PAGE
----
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Originally Posted by crule
Glaciers naturally advance and retreat over time. And the planet naturally has heating and cooling trends.


And sun spots might have an effect on global warming . . and their absence might actually cool the earth. This article in today's edition of the Independent has much food for thought:

http://news.independent.co.uk/sci_tech/article3223603.ece

-- John

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John,

Whenever new insights or deeper insights into physical phenomena come along we search around for answers. Entreprenuers find ways of making money no matter what happens. Algore makes all entrepreneurs look dishonest, like huksters. But without entrepreneurs we would not advance economically.

Algore aside if sunspots are the way our Lord ends life on earth, so be it. I don't believe so. Should we be good stewards of the gifts God gives us? Should we be more conserving of oil? Would a simpler life style, one that respects Christ and His Church, be the way we should live? Certainly. I've been a conservationist all of my life and I trace it back to my faith in Christ and my respect for a simpler lifestyle. Yet, until we convert the world to Christ and His Church and until we find a way to live without so much oil, I don't think fast major changes are going to take place and I don't believe the end of the world is upon us in either case.

No matter what, Algore is a false prophet and he certainly is not the high priest of any religion I would wish to follow.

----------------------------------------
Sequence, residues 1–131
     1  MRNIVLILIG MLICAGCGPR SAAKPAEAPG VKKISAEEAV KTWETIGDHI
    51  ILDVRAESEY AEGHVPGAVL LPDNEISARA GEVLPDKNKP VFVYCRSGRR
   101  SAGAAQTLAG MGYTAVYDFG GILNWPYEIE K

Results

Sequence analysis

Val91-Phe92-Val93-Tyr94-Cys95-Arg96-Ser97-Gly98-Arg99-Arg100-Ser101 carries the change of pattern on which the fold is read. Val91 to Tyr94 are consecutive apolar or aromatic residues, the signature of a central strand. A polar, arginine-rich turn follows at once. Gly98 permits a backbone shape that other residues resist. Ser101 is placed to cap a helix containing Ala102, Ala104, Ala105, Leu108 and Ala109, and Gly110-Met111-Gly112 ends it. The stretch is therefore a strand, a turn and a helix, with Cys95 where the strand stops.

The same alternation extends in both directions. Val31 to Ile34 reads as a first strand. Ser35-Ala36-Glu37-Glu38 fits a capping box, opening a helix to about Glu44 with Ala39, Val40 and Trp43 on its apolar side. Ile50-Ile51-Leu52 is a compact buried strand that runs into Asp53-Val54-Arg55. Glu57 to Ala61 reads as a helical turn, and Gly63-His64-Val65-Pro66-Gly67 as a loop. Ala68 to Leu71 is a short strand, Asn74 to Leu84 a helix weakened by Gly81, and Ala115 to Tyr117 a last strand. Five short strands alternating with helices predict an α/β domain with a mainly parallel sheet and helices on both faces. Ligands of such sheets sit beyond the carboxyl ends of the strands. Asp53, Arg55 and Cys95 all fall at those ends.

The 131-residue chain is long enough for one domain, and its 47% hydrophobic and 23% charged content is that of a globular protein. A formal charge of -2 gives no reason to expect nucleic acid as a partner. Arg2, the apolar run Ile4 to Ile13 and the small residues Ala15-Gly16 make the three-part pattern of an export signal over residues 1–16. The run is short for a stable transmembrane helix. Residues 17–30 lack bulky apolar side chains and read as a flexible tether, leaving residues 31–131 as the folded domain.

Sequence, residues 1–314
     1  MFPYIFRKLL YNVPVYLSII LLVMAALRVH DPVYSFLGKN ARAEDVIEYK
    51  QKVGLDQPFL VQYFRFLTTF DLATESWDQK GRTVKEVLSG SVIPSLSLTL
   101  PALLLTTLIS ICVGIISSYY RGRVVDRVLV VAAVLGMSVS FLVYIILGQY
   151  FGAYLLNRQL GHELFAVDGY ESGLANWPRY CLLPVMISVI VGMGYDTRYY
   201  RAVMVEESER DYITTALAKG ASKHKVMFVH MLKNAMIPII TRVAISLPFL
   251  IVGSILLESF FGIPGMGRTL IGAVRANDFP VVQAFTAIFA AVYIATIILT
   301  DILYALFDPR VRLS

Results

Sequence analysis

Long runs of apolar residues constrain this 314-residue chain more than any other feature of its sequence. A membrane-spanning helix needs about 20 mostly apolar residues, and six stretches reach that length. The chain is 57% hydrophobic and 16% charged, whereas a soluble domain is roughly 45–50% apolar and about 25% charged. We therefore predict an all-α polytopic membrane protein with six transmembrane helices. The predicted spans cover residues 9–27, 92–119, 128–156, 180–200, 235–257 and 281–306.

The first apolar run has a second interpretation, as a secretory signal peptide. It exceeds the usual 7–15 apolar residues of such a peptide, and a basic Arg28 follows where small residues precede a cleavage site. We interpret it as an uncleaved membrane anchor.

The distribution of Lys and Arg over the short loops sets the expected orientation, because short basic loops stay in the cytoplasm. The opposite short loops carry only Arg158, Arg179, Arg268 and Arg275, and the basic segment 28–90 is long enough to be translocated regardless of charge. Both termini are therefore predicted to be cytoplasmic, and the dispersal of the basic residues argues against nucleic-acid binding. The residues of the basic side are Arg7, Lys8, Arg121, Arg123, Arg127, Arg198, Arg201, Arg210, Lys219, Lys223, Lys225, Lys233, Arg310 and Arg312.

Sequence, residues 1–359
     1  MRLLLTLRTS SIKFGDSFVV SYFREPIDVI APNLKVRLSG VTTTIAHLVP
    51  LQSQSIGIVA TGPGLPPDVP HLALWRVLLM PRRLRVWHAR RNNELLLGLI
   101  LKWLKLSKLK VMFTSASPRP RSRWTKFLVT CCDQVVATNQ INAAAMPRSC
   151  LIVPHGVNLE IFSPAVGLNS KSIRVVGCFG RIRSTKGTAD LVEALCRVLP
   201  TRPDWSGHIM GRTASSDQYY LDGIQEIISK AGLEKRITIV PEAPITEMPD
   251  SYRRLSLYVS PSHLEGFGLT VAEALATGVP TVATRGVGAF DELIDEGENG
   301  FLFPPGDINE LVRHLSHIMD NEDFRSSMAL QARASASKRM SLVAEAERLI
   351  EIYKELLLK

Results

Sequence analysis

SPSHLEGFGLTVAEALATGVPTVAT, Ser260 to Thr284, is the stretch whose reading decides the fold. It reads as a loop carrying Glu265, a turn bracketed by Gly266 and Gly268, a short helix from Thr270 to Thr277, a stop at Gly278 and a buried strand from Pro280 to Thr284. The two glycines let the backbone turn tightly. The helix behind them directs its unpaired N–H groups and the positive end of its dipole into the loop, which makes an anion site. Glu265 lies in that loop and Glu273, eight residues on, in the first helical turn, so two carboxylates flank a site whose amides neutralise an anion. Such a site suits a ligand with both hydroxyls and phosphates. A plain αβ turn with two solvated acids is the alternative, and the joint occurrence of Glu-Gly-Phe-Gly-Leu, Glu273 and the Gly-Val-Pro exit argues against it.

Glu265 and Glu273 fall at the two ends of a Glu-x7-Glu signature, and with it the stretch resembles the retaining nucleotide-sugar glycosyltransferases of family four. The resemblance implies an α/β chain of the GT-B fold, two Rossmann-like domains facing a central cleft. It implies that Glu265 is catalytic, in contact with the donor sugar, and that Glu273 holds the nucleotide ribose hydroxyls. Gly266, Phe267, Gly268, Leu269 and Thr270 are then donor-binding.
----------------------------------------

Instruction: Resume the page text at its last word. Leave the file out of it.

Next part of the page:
CDL

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Originally Posted by harmon3110
Originally Posted by EdHash
Follow the money. It makes environmentalism and global warming easier to understand.

Excellent point. And that is another reason why environmentalism makes so much sense to me. Petroleum is limited and non-renewable. Bio-fuels are made from plants that grow every year. The smart money, in my opinion, is focusing on bio-fuels and other forms of renewable energy. That is especially true in the development of enzymes that could convert all kinds of plant meterials (like wood chips, lawn cuttings, etc.) easily into biofuels; so, we wouldn't be reliant solely on crops for biofuels.

All of this would have the happy results of (1) relying less on other countries (like the Middle East) for our energy, (2) restoring agriculture to a truly profitable enterprise again, (3) sensibly using plant materials --like wood chips and lawn cuttings-- that are currently just waste, and (4) of course, helping the environment . . .


Preach it Br. John!!

Finally, a presidential candidate I can get behind! (Or are you going to wait till the next election cycle??)

I have been saying for a decade now that if we were SERIOUS about getting the hell out of the Mid East and NOT sending money over there in boat-loads (tanker boats that is) we would have:

* invested a few billion in bio-fuel production
* covered 100 sq miles of the US desert with photovoltaic cells**
* offered serious incentives for the auto industry to design, and the consumer to buy far more fuel efficent vehicles

As it stands right now, we have the technology to create biofuels from algae that lives in salt water - something we can get on THREE coasts in the US.

also see:
http://www.wired.com/science/planetearth/news/2005/11/69528

and:
http://www.renewableenergyaccess.com/rea/news/story?id=45445
""Every year, each square kilometer of desert receives solar energy equivalent to 1.5 million barrels of oil."

**Solar panels are not nearly as efficent in solar conversion as they could be, yet I have much faith in industrial efforts in the US to improve them if they actually had the incentive of large contracts to produce cheaper more efficient units.

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* offered serious incentives for the auto industry to design, and the consumer to buy far more fuel efficent vehicles

We seem to be able to buy almost anything we want. Why can't we get the technology developed in South America--Brazil?--where they'd been working on an alternative to oil since the early 1970s oil crisis and recently became free of foreign oil? Is it because the oil industry is too tightly attached to our political system?

BOB